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Baramati: Oasis in a power-starved state

A Ganesh Nadar in Baramati | May 10, 2005 14:50 IST

The road from Pune to Baramati is good. As you near Baramati it gets better. When you enter Baramati you feel like having entered another world.

The roads are broad. There are dividers on most of the roads. The streetlights are the latest you would see anywhere in the world.

Hyundai, Hero Honda, Bajaj all have their two-wheeler showrooms here. Tata Indicom, Reliance India Mobile and BSNL are also highly visible brands.

The greenery is unbelievable. There are eucalyptus trees, palm trees, coconut trees among others. The fields have corn, bajra, jowar, bananas and grapes.

Beyond Baramati is Katiawadi, where Nationalist Congress Party chief Sharad Pawar owns a farm. The road to the farm looks like it is leading to Shangri-La. There are trees on both sides. A small canal runs along the road.

At the farmhouse, you are told Ajit Pawar, who is the local MLA and minister in the Maharashtra government, is in his house in Baramati. He is Sharad Pawar's nephew.

The road around the Maharashtra Industrial Development Corporation in Baramati is very good and rivals the national highways. Building cost of building the road was Rs 992 lakh (Rs 9.92 million), says a prominent board.

Sahyog Bhavan in Sahyog colony is crowded. The amount of open space this Bhavan has reminds one of the palaces of old. Ajit Pawar is holding court here. He is in a hurry as his uncle is due to arrive for a meeting in nearby Daund.

The executive engineer of the irrigation department is with him and is very helpful in telling us about the miracle behind this greenery.

Arjun Masud tells us the state-of-art irrigation system that is the pride of Baramati was actually constructed in 1887 on a small scale. It was later developed by successful governments.

There are three dams on the Nira river. The Bhatghar dam, which stores 8 TMC of water, the Niradev dam, which stores another 8 TMC of water and the Vir dam which stores 9.5 TMC of water.

Two canals from these dams irrigate the land. The Nira right bank canal, which is 172 km long, waters 1.25 lakh hectares of land. The Nira left bank canal, which is 168 km long, waters 50,000 hectares of land. As the Nira river is a perennial source of water, Baramati remains green throughout the year.

This irrigation system helped sugarcane thrive.

A dam is being built on the Gungulia, a tributary of the Nira, to enhance the storage capacity.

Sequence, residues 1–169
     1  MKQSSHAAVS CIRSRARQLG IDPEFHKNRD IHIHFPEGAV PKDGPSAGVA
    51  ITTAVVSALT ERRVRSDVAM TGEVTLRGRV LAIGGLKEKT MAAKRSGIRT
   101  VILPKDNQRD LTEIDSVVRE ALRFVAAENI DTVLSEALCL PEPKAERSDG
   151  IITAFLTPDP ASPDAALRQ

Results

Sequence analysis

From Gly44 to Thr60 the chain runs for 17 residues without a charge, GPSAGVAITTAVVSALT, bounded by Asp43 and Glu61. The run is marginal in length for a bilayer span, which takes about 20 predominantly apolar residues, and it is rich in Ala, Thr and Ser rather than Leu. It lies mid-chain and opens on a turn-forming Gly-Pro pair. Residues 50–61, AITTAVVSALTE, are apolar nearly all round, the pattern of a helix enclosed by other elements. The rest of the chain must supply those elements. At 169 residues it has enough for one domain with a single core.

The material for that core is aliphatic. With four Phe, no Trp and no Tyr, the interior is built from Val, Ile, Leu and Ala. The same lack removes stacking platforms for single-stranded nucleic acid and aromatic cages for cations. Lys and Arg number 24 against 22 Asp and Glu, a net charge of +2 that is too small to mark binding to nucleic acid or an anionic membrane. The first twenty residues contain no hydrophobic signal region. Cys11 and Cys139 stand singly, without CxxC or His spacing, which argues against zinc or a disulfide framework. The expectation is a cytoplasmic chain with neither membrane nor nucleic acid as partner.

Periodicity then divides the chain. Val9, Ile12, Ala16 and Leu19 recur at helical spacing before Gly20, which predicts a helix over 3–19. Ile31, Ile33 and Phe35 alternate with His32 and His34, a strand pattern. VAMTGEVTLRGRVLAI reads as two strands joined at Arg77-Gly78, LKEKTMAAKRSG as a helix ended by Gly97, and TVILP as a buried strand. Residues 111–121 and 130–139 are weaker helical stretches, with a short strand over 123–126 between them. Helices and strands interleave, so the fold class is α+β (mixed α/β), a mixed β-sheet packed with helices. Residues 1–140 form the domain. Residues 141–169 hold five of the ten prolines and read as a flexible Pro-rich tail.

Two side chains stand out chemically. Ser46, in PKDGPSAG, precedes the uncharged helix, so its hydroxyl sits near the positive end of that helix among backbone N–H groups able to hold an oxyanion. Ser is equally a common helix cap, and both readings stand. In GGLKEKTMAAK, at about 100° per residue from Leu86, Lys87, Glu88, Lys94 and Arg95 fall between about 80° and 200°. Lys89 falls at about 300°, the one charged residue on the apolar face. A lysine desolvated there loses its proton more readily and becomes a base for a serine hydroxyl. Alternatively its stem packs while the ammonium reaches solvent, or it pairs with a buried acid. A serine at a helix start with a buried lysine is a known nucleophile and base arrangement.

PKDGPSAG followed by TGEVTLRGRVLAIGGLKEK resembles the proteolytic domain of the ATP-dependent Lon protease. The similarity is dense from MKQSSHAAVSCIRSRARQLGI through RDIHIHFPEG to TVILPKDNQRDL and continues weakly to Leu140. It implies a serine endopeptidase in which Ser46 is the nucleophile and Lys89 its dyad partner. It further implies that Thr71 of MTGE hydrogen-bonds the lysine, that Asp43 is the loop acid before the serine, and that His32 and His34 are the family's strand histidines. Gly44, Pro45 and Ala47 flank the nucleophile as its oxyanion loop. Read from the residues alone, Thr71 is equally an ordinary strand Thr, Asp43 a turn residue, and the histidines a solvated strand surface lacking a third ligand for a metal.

It will store another 8 TMC of water when completed. The irrigation system works on the principle of gravity and is not affected by the present power crisis. Moreover, both the Bhatghar and Niradev dams have powerhouses situated at the bottom of the dam where the water flows out.

They generate 16 MW of power as the water flows into the channel. They are planning to build powerhouses on the other two dams too.

The sugar mills are closed at this time of the year as cane harvesting has not begun. They will start during Dussehra. The sugar mills generate biogas from its effluents, which is used to generate enough electricity to run the mill. Powercuts, therefore, are not a problem here.

On the campus that Sharad Pawar has built are an arts, science and commerce college, an information technology college, an engineering college, a law college, a BEd college and a school of bio-technology.

The 156 acres within the campus make a green belt -- full of trees and plants. Dr Sushama Chaphalkar, director of the School of Biotechnology, explains that the campus had a drip irrigation system covering every inch of the place. It is watered with recycled sewage water.

There are solar heaters in all the hostels and residential areas. A mile from this campus is the Dynamics dairy farm.

This dairy plans to supply its effluents to the colleges, which will produce biogas from it. The power generated will light up the street lamps within the campus. The rest of the city faces power cuts for four hours a day but residents appear used to it. They don't complain much as they still get two hours of drinking water supplied to their home every day.


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Number of User Comments: 3




Sub: Here it comes.....

Though right now I'm in USA, I'm very proud of my native place i.e. Baramati & also of Sharad Pawar. He's a man who wants ...


Posted by YUVRAJ KADAM





Sub: oasis called Baramati

It needs a strong political will to build a town. Baramati enjoy's the benefit. Other small towns nearby face a drought situation It's all too ...


Posted by ohm





Sub: pawar's empire/kingdom

Since independence the rich became stinkingly richer and the poor became stinkingly poorer.


Posted by venkat




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